The level of understanding for the Blue Economy and the need to protect our oceans is rising. CEO of Breathe, Sarah Ferguson, will be embarking on her longest and farthest swim EVER!
The One Ocean Swim kicked off on Monday 21 February 2022. Sarah will be swimming from Durban to Cape Town in an attempt to create awareness about plastic pollution and the importance of conserving our beautiful coastline and oceans.
Investments in the Blue Economy:
Research Note by DWS on the plastic waste in the oceans
United Nations Environment Assembly in Nairobi: In addition to alternative packaging and consistent recycling, a treaty like the Paris Climate Agreement is probably also needed.
So far, between 86 million and 150 million tons of plastic waste have accumulated in the oceans – this is the alarming result of a study published just a few days ago by the WWF and the Alfred Wegener Institute, Helmholtz-Zentrum für Polar- und Meeresforschung (AWI) in Bremerhaven. “Without a legally binding global agreement analogous to the United Nations Paris Climate Agreement, it will probably not be possible to solve the problem,” says Paul Buchwitz, fund manager of the DWS Concept ESG Blue Economy. Associations such as the World Wide Fund For Nature are therefore calling for governments to give the United Nations the necessary negotiating mandate for this at the UNEA-5.2 environmental assembly, which is meeting in Kenya’s capital Nairobi from 28 February to 2 March.
Mixture of disposable products and abrasion from tyres or jumpers
The plastic waste in the oceans is fed by various sources. One important factor is the dramatic increase in disposable items such as plastic bags or plastic drinking straws. In addition, there are nets, ropes or lines from discarded or lost fishing gear. Another large share is accounted for by so- called microplastics.
Without Prochlorococcus marinus, oxygen can become scarce
But why is the flood of plastics so dangerous for the world’s oceans and other ecosystems? First of all, fish or birds get caught in nets, ropes or strings and thus wound themselves, lose limbs or strangle themselves. Micro- and nanoplastics end up in the stomachs of almost all marine life through the food chain. Humans are likely to ingest these particles through their food. According to the AWI study, microplastics have been detected in almost all distribution areas of mussels and oysters, which are usually eaten whole. The ingestion of tiny plastic particles has deadly consequences for bacteria such as Prochlorococcus marinus, which is probably not only the most abundant organism on earth in terms of numbers but is also responsible for the production of an estimated 20 per cent of our oxygen and the absorption of 20 per cent of all carbon dioxide.
Cleaning the oceans is neither technically nor financially feasible
The two most important ways to stop the littering of the oceans are material alternatives and recycling. From a technical and financial point of view, cleaning the world’s oceans of plastic waste is not yet an alternative. With a view to the two feasible approaches, Buchwitz states that they are very investable for investors.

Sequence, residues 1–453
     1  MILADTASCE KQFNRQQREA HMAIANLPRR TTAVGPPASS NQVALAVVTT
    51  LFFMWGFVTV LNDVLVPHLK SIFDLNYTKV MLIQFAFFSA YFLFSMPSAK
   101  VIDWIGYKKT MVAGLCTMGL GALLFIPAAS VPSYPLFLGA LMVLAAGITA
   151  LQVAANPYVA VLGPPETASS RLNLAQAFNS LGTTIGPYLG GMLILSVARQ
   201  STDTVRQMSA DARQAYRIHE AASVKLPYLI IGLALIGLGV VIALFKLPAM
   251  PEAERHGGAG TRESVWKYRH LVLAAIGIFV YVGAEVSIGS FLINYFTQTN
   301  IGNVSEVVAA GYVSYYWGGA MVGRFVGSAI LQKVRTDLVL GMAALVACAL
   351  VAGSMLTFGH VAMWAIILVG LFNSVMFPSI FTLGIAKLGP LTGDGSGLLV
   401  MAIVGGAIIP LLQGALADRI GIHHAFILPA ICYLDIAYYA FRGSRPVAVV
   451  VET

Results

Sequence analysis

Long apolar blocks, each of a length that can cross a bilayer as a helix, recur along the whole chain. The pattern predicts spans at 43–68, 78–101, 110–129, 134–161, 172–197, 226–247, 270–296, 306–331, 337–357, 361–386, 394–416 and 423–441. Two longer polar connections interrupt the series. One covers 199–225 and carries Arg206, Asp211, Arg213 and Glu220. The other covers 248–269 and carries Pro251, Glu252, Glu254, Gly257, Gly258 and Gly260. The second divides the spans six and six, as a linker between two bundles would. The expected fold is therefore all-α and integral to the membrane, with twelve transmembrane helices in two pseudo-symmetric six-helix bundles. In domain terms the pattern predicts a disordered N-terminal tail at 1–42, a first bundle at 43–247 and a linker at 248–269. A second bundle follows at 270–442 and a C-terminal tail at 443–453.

In the EU, for example, the capacity to collect and recycle waste is currently estimated at 36 per cent of the total volume. However, according to the regulation, at least 50 per cent of all plastic packaging would have to be recycled by 2025, and 65 per cent of all packaging would have to be recycled by then. “This could fill the order books of companies that build plants that capture plastic waste as completely as possible, sort it and process it into granulate that can be further processed by industry,” says the fund manager.
The paper industry is already benefiting visibly today
According to the fund manager, the situation is similarly good for alternatives to plastics. In the USA, for example, a number of listed companies are working on biodegradable plastics. Although there are still certain restrictions, such as the fact that the material only decomposes under certain conditions, the progress in this technology is considerable. “In contrast, the processes for producing other packaging alternatives such as paper and cardboard have long been perfected. Here we can already clearly see that the trend towards other packaging materials is accelerating the growth of companies,” says Buchwitz. The same applies to metal containers made of aluminium, for example, whose carbon footprint is competitive with existing alternatives.
Unfortunately, according to the AWI study, the plastics industry has invested about 180 billion dollars in new factories since 2010, which could lead to a 40 percent increase in production in the coming decades. Therefore, plastic alternatives and recycling as much as possible may indeed need to be supported by an additional policy framework in the fight against ocean litter. “The meeting in Nairobi would be the opportunity to give the starting signal for this,” Buchwitz appeals.
More information on DWS
investESG.eu supporting Ocean initiatives:
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